Choices, choices, choices.
The choices we make often determine the course of the rest of our lives. Having a set plan for your life can be a relief, but making whimsical unplanned decisions can be invigorating and exciting. If you have a hard time making decisions or are not sure what to expect next, that’s okay.
I am the type of person who feels more comfortable having all of my decisions planned out in advance. As a senior in high school, my plans were that I would go to college for four years, earn a bachelors degree in software engineering and information systems, get a high-paying job and support a new family all before the age of 25.
These plans have changed.
As a junior in college, I surprised myself (and many others) when I made the choice to replace software engineering with theatre and communication arts while still retaining an information systems major. This major change means a lot for my future. For example, I won’t be completing college in four years anymore. Changing majors during my junior year adds two semesters – if not more – to my college career.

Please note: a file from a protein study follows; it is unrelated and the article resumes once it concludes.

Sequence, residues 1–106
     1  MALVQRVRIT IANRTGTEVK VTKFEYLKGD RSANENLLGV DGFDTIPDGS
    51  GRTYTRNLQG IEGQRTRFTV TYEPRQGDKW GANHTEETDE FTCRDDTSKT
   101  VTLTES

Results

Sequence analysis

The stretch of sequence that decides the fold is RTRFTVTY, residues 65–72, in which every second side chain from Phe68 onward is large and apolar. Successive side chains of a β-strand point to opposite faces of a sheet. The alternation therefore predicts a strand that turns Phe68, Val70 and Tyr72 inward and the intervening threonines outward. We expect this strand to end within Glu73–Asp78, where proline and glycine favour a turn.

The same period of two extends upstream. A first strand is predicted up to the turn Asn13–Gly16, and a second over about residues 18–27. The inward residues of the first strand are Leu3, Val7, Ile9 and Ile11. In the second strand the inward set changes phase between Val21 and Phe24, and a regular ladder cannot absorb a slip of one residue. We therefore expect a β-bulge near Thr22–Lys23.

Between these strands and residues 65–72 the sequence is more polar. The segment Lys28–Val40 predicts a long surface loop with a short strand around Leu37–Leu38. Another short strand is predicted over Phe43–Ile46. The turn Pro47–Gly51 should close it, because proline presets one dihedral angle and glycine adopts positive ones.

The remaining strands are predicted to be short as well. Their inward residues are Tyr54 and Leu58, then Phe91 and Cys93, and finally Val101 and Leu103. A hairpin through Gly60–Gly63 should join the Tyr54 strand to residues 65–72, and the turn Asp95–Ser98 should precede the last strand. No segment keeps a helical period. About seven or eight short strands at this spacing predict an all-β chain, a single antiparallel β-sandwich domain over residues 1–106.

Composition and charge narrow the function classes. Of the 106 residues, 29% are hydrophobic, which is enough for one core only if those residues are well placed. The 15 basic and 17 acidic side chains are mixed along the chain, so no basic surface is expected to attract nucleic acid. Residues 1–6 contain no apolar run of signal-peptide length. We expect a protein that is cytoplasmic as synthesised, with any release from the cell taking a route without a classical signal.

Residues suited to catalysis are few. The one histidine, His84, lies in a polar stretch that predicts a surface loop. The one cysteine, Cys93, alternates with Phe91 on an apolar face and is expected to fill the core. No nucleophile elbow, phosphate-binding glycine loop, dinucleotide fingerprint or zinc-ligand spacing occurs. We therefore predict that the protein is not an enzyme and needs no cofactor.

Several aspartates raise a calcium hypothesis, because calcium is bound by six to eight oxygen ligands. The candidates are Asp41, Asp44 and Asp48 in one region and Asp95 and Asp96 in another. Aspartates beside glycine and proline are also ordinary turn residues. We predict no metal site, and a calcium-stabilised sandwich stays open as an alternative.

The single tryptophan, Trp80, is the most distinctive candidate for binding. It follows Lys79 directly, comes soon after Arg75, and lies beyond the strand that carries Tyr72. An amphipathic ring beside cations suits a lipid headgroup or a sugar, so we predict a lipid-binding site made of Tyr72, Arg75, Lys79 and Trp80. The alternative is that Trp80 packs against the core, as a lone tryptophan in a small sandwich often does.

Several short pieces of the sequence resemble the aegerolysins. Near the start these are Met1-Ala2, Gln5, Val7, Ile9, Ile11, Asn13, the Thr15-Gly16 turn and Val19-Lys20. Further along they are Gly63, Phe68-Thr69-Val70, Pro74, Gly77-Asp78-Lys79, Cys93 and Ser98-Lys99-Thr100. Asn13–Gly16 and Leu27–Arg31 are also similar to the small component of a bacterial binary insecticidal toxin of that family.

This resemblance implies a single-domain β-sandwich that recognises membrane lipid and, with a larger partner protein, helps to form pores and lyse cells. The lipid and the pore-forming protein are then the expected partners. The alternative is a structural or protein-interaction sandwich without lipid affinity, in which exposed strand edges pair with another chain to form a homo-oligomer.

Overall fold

Why would I make these decisions? I am a huge movie buff and love the idea of acting and directing. While I would be content with my previous life-plan, I feel that I will be a lot happier to have the opportunity to follow my dream; even if it’s a dream that may come with a lot of uncertainty and a lack of a solid plan. Not being entirely sure for what the future holds is something that can be nerve-wracking, but for me it’s exciting.
Not being entirely sure of your future while applying to college is okay. You do not need to be 100 percent set in your plans or have any for that matter. Being in college is about discovering who you are, who you want to be and how to make the transition into adulthood. Sometimes taking life one day at a time can help relieve the stress of making decisions. Taking on your obstacles and soaking up all the little moments can also lead to a happy and fulfilling life.
With all the possibilities here at Gannon, Chad’s not the only student to question his choice of major. Check out editor Tyler Babcock‘s path to selecting a major.